The OEM gives an exclusive tour of its Untertürkheim proving ground in Germany
This year Mercedes-Benz celebrates 50 years since its test track in Untertürkheim was opened.
The proving ground in Germany was first opened following a request by Dr Fritz Nallinger, head of development at Daimler-Benz, who stressed its need in order to analyze the company’s wide range of vehicles, from passenger cars and race cars to buses and trucks.
Nallinger’s suggestion was for a long stretch of company-owned land directly adjacent to the Untertürkheim plant, known as the ‘bottleneck’, to be converted for the facility. A planning application was submitted to the City of Stuttgart in January 1955, and in July 1956 the board of management at Daimler-Benz gave the green light for the plans. In 1957 the first phase of the test track became operational.
The layout at that time included a skid pad featuring concentrically arranged circular tracks with different surfaces vehicles can be tested on blue basalt, concrete, slippery asphalt and large cobblestones. The integrated sprinkler system enables wet surface testing.
Later it became evident that the test track was still inadequate for the many and varied demands of the passenger car and commercial vehicle test departments; engineers were keen for better facilities that would enable high-speed, durability and rough-road testing. They also wanted to be able to test commercial vehicles on steep inclines. The site was gradually expanded to incorporate these features.
Take a tour
The cumulative length of all test sections is 15,460m, including 3,018m of high-speed test track. The two parallel tracks are connected by steep-bank curves with a diameter of 100m. A source of wonder back then were the seven different incline sections with gradients of between 5% and 70%, along with the steep-bank curve with a transverse inclination of up to 90%. A maximum speed of 200km/h is theoretically possible on this steep banking, but this would physically be almost unendurable for a human being.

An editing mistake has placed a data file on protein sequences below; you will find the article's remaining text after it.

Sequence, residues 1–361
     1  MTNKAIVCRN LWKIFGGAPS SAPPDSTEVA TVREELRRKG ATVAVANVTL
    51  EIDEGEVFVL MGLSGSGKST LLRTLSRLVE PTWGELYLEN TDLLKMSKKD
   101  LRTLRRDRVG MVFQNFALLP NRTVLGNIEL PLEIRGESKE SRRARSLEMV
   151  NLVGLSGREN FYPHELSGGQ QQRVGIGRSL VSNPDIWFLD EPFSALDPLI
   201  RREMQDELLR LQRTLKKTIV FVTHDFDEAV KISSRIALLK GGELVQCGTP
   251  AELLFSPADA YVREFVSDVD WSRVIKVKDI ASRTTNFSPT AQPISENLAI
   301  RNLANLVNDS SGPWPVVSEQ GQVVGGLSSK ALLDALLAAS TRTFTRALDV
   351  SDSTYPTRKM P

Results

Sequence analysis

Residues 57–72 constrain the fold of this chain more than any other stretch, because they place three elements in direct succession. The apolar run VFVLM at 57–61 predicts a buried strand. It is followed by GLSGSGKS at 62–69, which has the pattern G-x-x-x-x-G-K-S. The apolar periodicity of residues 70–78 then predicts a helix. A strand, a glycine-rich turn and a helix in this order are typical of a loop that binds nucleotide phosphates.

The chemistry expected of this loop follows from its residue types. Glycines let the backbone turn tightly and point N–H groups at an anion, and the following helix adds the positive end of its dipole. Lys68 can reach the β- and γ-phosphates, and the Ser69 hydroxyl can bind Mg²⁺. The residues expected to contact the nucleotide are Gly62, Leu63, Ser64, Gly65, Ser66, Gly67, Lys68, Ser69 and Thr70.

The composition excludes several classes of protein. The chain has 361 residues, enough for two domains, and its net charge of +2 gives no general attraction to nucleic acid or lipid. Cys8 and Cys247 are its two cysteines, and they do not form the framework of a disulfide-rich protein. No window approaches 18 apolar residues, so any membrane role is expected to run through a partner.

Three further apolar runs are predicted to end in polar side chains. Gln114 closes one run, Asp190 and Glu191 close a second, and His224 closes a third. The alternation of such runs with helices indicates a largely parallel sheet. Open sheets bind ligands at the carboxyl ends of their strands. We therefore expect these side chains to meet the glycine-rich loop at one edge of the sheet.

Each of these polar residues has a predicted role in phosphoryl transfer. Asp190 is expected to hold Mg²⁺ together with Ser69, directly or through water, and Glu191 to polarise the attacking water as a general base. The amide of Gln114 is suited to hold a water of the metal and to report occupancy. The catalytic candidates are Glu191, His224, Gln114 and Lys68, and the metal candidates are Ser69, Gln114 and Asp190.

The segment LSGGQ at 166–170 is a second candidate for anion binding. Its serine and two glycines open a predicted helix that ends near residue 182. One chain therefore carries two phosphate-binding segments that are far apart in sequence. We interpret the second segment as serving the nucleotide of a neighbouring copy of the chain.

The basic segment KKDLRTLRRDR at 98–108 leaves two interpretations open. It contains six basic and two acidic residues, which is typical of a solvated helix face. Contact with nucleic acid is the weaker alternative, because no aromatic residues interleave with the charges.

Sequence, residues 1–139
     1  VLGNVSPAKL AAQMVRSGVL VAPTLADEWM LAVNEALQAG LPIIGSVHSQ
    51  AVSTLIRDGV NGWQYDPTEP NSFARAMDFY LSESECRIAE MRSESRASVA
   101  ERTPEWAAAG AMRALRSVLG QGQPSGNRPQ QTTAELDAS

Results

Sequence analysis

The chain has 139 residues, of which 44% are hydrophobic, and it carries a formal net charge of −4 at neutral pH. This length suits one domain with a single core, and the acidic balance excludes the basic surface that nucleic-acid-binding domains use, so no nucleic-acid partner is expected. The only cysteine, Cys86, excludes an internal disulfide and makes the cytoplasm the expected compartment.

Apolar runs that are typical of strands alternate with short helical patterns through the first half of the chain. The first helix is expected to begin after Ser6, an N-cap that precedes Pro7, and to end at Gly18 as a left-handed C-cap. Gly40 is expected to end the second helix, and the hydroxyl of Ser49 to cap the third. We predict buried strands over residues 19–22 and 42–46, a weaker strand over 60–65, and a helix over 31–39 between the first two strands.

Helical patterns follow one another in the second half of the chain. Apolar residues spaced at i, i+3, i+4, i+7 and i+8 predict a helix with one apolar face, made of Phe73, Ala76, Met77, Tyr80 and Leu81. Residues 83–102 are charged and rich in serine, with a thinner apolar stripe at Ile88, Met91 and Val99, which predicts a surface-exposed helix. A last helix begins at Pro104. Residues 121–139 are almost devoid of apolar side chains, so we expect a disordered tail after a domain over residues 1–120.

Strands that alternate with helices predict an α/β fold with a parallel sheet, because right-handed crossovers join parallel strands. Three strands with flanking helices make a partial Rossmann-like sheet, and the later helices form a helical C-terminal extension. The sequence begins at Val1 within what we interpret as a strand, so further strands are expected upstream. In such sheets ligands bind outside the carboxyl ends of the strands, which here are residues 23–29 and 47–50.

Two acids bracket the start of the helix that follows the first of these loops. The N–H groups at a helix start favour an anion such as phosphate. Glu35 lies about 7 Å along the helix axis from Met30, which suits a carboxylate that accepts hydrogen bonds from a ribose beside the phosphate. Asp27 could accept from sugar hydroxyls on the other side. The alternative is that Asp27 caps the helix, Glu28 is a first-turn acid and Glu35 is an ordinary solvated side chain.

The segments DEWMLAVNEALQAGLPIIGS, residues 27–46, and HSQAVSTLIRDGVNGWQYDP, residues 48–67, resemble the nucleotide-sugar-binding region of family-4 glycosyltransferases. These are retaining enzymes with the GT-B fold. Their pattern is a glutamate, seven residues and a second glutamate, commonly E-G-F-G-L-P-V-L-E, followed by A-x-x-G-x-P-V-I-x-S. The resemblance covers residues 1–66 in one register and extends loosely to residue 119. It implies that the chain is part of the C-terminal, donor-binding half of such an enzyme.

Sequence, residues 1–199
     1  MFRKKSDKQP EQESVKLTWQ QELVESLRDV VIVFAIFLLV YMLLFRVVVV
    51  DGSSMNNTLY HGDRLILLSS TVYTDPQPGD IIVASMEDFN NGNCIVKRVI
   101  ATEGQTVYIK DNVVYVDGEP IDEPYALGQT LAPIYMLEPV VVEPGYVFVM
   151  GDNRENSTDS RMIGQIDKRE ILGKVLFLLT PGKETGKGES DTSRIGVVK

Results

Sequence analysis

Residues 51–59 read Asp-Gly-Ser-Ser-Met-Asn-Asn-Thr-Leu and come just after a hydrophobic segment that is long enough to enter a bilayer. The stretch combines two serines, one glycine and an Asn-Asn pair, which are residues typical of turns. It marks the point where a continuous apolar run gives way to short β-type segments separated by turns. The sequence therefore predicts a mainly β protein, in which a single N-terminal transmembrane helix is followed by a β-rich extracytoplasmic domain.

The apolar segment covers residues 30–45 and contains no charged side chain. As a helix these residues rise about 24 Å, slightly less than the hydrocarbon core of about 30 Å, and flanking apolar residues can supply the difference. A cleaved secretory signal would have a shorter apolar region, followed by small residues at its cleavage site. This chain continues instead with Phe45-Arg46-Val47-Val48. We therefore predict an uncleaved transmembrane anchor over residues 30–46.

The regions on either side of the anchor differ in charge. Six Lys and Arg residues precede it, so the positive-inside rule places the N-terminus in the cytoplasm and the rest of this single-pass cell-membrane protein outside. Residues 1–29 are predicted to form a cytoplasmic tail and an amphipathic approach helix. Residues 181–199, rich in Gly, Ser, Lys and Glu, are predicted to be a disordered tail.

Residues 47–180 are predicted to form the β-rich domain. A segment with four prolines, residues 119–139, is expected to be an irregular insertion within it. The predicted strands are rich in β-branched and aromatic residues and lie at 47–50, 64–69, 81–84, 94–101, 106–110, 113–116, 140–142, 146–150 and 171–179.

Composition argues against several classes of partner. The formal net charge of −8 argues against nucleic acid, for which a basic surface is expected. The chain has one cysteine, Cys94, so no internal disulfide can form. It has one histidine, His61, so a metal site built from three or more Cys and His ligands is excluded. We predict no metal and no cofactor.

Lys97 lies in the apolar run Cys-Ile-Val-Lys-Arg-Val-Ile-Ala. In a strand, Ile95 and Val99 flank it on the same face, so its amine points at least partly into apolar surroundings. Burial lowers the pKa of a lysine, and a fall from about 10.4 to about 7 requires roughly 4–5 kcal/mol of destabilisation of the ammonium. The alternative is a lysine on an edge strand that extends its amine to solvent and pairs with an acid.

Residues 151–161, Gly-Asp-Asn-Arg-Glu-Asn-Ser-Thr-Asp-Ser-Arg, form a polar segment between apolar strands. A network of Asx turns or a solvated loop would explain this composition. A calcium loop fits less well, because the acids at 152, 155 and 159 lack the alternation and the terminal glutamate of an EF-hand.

For testing purposes it is particularly important instead to be able to drive through the steep-bank curve at 150km/h with no hands on the wheel. At this point, namely, there are no longer any lateral forces impacting on the tires and the vehicle remains on track through the bend without any steering input. The driver’s weight nevertheless rises by a factor of 3.1, pressing them into the seat.
Another indispensable part of durability test facilities is the heathland test section. This rough-road track was built to scale to replicate a particularly poor stretch of road in the Lüneburg Heath in the north of Germany as it was in the early 1950s. Durability tests are also conducted on the so-called washboard, boneshaker and potholed sections. Tests are so stressful that drivers have to switch every two hours. Further features of the circuit include extreme distortion tracks for commercial vehicles and off-roaders, along with ramps used to force extreme spring compression and rebound.
Handling safety in adverse weather conditions is tested on the 34m-long crosswind section. This features 16 blowers designed to produce side winds of speeds up to 100km/h.
The slalom section at the facility was a world-first introduced by the head of vehicle testing at the time, Rudolf Uhlenhaut. This was a stretch of track designed to test the driving stability of suspensions at high speed and during abrupt changes of lane, using measurement loops embedded in the road surface to deliver electronic data.
Since the expansion work was completed 50 years ago the 8.4ha site, with its cumulative 15.5km of different test tracks, has continued to be adapted for new requirements. For example, a section of road with low-noise ‘whisper asphalt’ surface, was created for the measurement of noise.
May 3, 2017